University of Canterbury School of Psychology, Speech and Hearing Professor Julia Rucklidge has dedicated her career to researching the role nutrition plays in mental health.
Why should we care about feeding our brain nourishing food?
When it comes to the crucial foundational things we need to be looking at in terms of overall health and wellbeing, Julia says nutrition is at the very base.
Making sure that we are well nourished ensures we are more resilient when things come along that are difficult or stressful.
"It means making sure the fuel tank in your brain is full and by that I mean full of really good nourishing food and nutrients – micronutrients especially, which are essential to the brain to operate, function and do what it needs to do."
Introducing the nutrient-dense (non) diet
Julia says there is ample research that shows we need to be eating nutrient-dense food in order to recover or improve our brain health – and stay mentally well.
“The more you eat a diet that is super healthy which is high in fish, legumes, nuts, healthy fats, fruits and veges – then the more resilient you are against developing a mental health problem but also the more you can help yourself get out of a mental health problem, and improve depression and anxiety.”
“If you’re eating mostly ultra-processed foods you’re just not going to get the adequate amount of nutrients so you’re running a brain on empty. So you might have a Ferrari but it’s not going to work if you have no fuel.”
“Nutrients are essential for making things like neuro-transmitters, serotonin, dopamine, adrenaline, all of these really important chemicals that are required for brain communication. Making these chemicals requires an ample supply of vitamins and minerals and you simply don’t get vitamins and minerals in an adequate amount out of your ultra-processed food,” she says.
Eating well is not a fad diet
Julia stresses that to eat nourishing food is not something you do for a week or even a month – and it is definitely not a diet.
“This is a complete overhaul and change in your habits that is for a lifetime.”
“If you really want your brain to be as resilient and as robust in your older years then you need to make sure you’re feeding it well now,” she says.
Doing your best in lockdown
Lockdown can be really tough and impact a person’s ability to eat well, depending on their individual situation.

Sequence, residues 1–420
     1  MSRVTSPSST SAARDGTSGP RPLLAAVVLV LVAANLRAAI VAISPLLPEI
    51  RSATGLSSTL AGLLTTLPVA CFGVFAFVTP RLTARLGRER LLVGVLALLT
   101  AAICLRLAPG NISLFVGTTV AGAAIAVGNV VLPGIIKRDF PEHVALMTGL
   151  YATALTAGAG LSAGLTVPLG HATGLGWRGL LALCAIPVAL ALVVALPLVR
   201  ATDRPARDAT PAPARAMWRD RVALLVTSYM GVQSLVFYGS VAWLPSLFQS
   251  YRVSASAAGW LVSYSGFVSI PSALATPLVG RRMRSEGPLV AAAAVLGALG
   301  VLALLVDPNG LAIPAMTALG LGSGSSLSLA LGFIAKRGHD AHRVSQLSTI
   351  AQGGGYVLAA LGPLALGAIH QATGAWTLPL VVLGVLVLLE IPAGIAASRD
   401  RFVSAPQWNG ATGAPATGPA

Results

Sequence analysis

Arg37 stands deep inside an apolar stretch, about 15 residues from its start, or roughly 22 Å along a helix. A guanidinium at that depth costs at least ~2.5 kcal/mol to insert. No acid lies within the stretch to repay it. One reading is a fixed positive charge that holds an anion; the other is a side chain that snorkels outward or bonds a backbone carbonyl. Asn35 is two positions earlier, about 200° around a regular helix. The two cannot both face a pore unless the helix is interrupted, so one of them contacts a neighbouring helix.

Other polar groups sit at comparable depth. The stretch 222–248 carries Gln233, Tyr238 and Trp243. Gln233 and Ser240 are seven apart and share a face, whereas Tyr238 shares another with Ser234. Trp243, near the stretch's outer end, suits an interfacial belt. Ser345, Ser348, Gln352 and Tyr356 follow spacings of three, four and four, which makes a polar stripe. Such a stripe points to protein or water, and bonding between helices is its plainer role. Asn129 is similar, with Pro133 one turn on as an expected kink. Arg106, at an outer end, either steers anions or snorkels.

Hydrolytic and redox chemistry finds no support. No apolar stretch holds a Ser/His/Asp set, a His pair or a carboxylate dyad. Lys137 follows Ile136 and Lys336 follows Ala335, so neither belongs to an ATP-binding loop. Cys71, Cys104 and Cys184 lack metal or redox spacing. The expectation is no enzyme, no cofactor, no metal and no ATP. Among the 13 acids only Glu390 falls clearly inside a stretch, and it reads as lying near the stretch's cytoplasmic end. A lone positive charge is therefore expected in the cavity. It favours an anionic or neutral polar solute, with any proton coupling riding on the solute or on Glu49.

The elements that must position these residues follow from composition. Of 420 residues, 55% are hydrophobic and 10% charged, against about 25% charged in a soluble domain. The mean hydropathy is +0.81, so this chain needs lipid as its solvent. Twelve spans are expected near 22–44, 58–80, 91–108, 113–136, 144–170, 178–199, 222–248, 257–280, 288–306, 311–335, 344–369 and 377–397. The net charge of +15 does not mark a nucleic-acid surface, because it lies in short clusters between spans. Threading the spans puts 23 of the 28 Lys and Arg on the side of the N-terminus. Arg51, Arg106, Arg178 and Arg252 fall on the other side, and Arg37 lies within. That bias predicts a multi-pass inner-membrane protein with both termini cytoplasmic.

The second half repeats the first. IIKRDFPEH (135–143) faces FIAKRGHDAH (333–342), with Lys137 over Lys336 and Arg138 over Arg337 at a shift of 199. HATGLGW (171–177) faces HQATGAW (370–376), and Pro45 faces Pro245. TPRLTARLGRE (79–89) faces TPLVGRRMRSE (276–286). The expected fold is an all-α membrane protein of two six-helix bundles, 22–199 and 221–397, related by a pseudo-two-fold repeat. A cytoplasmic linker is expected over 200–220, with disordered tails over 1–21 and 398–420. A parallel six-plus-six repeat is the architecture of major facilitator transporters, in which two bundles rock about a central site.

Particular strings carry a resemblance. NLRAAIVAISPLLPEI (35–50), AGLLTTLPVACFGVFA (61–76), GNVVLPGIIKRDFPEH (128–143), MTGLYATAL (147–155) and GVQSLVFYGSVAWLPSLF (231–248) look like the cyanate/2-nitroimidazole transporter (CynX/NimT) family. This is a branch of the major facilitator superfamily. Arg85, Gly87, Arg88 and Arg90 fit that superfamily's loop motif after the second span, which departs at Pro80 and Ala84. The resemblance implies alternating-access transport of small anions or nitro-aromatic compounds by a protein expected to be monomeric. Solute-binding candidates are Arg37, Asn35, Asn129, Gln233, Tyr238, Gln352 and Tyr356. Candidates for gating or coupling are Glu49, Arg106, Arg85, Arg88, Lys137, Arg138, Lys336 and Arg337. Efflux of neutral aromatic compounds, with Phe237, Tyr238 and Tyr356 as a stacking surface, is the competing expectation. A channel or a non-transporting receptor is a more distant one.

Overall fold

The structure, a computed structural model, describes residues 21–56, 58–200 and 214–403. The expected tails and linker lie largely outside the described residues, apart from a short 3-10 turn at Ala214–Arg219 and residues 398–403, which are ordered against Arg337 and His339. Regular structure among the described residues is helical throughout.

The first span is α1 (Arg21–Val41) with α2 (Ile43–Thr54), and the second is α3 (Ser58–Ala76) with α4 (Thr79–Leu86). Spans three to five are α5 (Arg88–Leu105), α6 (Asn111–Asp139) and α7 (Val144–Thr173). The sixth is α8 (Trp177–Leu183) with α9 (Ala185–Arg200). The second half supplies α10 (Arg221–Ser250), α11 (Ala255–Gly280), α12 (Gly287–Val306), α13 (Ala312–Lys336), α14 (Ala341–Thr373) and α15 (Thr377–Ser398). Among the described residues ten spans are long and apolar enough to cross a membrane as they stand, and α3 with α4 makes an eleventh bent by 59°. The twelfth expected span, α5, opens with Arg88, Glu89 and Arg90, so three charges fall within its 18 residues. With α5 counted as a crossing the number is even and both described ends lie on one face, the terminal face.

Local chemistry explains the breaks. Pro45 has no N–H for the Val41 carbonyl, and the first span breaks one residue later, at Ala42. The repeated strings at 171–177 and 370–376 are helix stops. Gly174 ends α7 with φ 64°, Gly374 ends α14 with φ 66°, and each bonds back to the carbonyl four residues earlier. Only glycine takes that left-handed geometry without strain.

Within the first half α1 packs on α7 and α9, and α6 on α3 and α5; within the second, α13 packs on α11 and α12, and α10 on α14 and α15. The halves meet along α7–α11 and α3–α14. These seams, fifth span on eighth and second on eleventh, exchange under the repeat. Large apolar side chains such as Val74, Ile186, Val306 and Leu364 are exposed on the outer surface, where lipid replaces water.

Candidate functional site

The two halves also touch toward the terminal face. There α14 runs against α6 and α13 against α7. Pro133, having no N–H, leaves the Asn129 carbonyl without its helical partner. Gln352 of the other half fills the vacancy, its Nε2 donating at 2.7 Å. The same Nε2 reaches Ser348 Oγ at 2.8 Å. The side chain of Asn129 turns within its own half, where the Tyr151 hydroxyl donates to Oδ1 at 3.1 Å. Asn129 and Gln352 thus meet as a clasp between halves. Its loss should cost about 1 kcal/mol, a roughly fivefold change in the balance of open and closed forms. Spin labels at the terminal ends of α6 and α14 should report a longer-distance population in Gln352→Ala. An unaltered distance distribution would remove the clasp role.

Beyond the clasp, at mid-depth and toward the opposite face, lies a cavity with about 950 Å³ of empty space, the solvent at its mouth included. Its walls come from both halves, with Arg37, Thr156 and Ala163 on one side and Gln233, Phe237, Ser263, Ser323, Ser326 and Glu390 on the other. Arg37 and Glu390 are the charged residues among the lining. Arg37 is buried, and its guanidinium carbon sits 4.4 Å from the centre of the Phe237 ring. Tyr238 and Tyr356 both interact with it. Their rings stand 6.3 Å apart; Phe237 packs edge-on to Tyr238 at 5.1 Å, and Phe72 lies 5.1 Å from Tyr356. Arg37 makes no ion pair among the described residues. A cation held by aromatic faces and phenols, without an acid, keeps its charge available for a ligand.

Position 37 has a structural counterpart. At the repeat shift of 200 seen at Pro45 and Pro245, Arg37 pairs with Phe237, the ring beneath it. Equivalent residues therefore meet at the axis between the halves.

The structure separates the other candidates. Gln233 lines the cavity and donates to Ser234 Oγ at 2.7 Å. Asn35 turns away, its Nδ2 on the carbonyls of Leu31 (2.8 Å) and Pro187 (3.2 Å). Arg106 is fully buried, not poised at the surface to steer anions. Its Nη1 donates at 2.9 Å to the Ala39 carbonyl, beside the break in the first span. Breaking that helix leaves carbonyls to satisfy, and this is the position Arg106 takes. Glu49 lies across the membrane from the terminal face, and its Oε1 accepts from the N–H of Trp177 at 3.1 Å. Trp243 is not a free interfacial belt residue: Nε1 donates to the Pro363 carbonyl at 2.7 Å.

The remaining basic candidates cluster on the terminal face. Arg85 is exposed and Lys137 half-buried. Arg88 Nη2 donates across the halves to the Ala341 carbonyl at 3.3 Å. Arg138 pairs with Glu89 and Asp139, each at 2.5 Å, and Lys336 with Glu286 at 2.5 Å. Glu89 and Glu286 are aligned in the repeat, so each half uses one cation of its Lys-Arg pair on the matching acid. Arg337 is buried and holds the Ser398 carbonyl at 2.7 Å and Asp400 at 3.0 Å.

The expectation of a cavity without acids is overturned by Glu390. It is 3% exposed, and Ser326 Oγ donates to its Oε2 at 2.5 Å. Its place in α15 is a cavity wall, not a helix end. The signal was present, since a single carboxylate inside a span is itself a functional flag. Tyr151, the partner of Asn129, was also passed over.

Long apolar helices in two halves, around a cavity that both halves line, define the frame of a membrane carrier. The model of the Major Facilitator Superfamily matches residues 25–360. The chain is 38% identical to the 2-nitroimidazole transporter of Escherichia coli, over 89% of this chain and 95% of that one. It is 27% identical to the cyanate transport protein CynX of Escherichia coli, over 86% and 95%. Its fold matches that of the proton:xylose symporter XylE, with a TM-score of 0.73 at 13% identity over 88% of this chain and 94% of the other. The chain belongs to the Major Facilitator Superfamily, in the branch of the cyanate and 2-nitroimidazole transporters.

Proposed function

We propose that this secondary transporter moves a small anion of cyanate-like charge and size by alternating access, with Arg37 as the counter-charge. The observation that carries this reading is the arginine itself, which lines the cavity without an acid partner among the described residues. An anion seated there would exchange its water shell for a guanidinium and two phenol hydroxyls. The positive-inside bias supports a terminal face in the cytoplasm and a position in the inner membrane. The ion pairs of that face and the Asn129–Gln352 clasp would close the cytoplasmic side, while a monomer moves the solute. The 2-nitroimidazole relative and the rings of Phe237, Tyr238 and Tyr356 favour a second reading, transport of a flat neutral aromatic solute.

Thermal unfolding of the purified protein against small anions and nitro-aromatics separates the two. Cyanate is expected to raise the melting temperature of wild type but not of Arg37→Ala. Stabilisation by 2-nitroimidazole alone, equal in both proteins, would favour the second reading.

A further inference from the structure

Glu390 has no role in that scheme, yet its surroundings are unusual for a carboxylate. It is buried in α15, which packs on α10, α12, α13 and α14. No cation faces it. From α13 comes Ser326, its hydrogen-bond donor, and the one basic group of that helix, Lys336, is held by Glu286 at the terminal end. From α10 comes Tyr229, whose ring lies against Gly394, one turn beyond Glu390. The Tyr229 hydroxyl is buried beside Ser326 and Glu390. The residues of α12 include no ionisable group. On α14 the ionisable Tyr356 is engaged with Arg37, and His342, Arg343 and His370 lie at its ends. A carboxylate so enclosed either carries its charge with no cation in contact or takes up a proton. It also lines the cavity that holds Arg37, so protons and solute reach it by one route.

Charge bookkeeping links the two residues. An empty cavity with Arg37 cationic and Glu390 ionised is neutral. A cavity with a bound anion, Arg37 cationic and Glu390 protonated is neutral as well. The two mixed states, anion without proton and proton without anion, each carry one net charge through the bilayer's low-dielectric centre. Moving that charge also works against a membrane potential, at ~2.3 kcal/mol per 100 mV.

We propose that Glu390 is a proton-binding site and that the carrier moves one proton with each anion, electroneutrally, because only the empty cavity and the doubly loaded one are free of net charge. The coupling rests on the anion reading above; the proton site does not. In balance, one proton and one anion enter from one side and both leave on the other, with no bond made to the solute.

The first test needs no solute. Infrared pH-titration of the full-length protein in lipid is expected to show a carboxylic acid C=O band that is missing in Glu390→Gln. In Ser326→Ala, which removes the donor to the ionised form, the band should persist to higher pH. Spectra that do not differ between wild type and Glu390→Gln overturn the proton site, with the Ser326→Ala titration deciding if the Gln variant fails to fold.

“If you’re expected to work full time and also parent, you are going to be stretched in every direction. That might be a situation where it is harder to make sure you are well nourished.”
Then there are those who might have minimal to no dependants and no commute means there is a free up of time, which can mean more time to put into cooking nourishing foods.
“Some people tend to bake more bread or do more baking but I do want to acknowledge not everyone can do that or their situation is more challenging to be able to do that.”
Start with baby steps
Julia suggests that when you put something in your mouth, ask yourself this:
‘Is it going to nourish my brain or not?’
“Maybe that will lead to a slightly different choice.”
Swapping out items can be as easy as:
These are choices that don’t require a lot of resource in terms of the cooking skills or having to engage in cooking. Actively avoiding making ‘bad habits during lockdown’ is also important.
“Avoid excess use of alcohol and be mindful that you’re not going down a slippery slope of drinking every day.”
Then for those who find it overwhelming and are asking ‘but where to start?’ when it comes to switching up meals, Julia suggests starting with just one meal, which could be breakfast.
“It won’t be something that comes out of a cereal cardboard box. If you can, eggs, fried up mushrooms, spinach with tomatoes, and avocado on a piece of wholegrain toast is a nourishing breakfast. Starting the day well with nutrient dense food is important.”
Ask yourself ‘what’s that one small thing I can do today’? Like, chia seed pudding mixed with homemade granola and fruit for breakfast – it takes ten minutes the night before to make chia seed pudding and is delicious!”
Eating by the seasons
Julia admits she does “go on a bit too much about kale” but it’s ideal for us to be eating lots of right now and makes for a nourishing snack. She likes to cut it up into small pieces, remove the stalks, drizzle with some olive oil, little salt and then bake at 175 degrees Fahrenheit for 5-10 mins until the edges are brown but are not burnt.
It’s one of the examples of an easy thing we can do “with just a little bit of knowledge”. This is where our environment has changed over the past two decades, says Julia.
“Some people have never gained the skill of cooking and that is something we really need to be reversing. Our kids need to know how to cook – and it can be done so cheaply as well.”
Cooking cheaply is Julia’s personal approach to cooking and she regularly uses things like lentils and black beans.
Can I still eat my comfort foods?
“You’ve still got to have fun and enjoy life,” says Julia.
As Julia says, as long as you’ve previously provided the brain with nourishing foods, then it’s ok to feed it with less nourishing foods every now and then.
“An occasional tasty treat is absolutely fine. Enjoy it!”
She also encourages people trying to get off an ultra-processed diet to stick with it as cravings for sweet things will go away.
“Keep persisting and that should get better.”
So how does Julia look after herself during lockdown?
Throughout her life and in very stressful times, Julia has always prioritised sleep.
“Don’t ever compromise on the number of hours you sleep.”
She also takes the dog for walks, does yoga, cycles to work one to two times a week, has meditative baths, reads novels, makes sure she stays socially connected, sits down for meals with her family sans devices, and tries to limit her focus on the news.